Environmentally Friendly Car Crashes
By: Floyd and Mary Beth Brown
FrontPageMagazine.com | Friday, January 09, 2009
Snow and ice cause an increase in car crashes. Car tires have little or no traction on these surfaces. However, officials in Seattle, Wash. disregard these laws of physics concerning automobiles on snow and ice by implementing policies that aggravate dangerous road conditions and are leading to an increase in accidents and injuries in the name of the environment.
The city refuses to use salt and other proven means of clearing streets of dangerous snow and ice. “If we were using salt, you’d see patches of bare road because salt is very effective,” said Alex Wiggins of the Seattle Department of Transportation. “We decided not to utilize salt because it’s not a healthy addition to Puget Sound.”
Yes, environmental extremists care more about the environment than driver safety.
Yet their fears are misplaced. Worries about salt damaging grass and water quality are not as bad as some feared in the ‘90s. Salt on roads is diluted by melting snow and extremely high amounts would have to be used for damage to occur. Seattle’s “plowed streets” are really sprinkled with sand and “snow-packed,” leaving snow and ice on major arterials, thus requiring all-wheel, four-wheel or chains on vehicles. Many hilly, icy roads were closed in downtown Seattle for days from several snowstorms that hit the area in December. Thousands of folks were housebound, including the elderly, due to the dangerous streets. The chief of staff for the Seattle Department of Transportation, Alex Wiggins, points out the obvious in the difference between the city he works for and other places where they know how to deal with winter weather, “It doesn’t look like anything you’d find in Chicago or New York.”
Seattle uses plow equipment with rubber-edged blades to decrease the damage to manhole covers and roads -- but it doesn’t scrape off ice. But plowing has its problems, too. Naturally, snow plows use more fuel the more they are used and generate carbon dioxide.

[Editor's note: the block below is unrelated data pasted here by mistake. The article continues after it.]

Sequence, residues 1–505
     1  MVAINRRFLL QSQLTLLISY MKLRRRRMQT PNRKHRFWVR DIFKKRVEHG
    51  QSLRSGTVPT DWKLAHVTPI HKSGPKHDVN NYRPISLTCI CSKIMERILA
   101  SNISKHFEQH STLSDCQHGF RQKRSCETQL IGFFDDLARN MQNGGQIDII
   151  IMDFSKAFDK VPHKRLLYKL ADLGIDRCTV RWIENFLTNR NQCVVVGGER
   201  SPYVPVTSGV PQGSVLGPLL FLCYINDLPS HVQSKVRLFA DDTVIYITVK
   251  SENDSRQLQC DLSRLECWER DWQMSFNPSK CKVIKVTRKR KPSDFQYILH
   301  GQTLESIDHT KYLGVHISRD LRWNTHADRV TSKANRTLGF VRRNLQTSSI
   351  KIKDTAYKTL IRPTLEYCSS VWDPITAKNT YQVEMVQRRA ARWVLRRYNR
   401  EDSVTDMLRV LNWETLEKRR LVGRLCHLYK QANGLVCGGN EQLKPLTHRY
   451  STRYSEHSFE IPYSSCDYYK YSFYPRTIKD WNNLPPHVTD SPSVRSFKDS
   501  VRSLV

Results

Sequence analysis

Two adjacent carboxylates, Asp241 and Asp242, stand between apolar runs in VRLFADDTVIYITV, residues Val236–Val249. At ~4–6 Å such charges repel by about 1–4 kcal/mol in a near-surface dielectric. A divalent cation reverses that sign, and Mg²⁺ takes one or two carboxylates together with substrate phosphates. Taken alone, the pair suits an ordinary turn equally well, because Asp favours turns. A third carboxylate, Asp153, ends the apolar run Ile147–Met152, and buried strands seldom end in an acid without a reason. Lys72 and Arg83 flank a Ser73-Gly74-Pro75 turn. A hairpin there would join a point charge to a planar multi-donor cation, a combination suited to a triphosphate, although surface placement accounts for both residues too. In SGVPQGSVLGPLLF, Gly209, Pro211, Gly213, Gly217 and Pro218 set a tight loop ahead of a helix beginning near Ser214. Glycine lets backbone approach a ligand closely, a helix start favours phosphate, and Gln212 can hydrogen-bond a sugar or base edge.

Plowing and spreading sand or other abrasive materials intended to increase friction between vehicles and snow or ice has been used for decades for winter road maintenance in the United States despite studies which show it worthless. As far back as the 1950s, studies in Germany revealed after only 10 to 12 vehicle passes, sand is ineffective on snow-covered surfaces. Benefits are only temporary unless chemical additives are combined with the sand to make it adhere to the icy surface.
Ironically, like much government decision-making, they are not only risking human life but actually harm the environment more by choosing sand over salt on slippery roadways.
“Sand’s the problem, as much as people don’t want to recognize it,” said aquatic ecologist, Prof. Eric Benbow of the University of Dayton (Ohio). “In general, what my colleagues have found, and I have found, is that sand actually has a greater impact, at least on stream systems.” Scientists and other specialists in the area of road salting concur that sand clogs drainage systems and the spaces in gravel where insects live, thus making it difficult for them to adhere to rocks. As a key part of the food chain, insects are an indicator of stream health. Both salmon and insect habitats can be severely damaged by sand.
Winter-highway-maintenance expert Prof. Wilfrid Nixon of the University of Iowa College of Engineering says good, old-fashioned salt is the best ice-buster. And another thing for the environmentally conscious to consider is the impact accidents have on the environment. “Every crash in the winter is an environmental disaster,” Nixon said. “You have spills of engine oil, gas, coolant…It may not be hundreds of miles of road, but the effect is intensely local.”
Mark Devries of the American Public Works Association says social, financial and politics all play a part in decisions made by departments of transportation about snow clearance, in addition to science.
Yet yearly, an average of 1.4 million car accidents in the U.S. are the result of adverse weather conditions. These accidents result in 7,000 deaths, more than 800,000 injuries, and $42 billion in economic loss. Environmentalists who place a higher value on ditch grass than public safety are being negligent. Public officials who bow to their wishes in municipalities such as Seattle may find themselves facing lawsuits from accidents caused by snow and ice that should have been removed.
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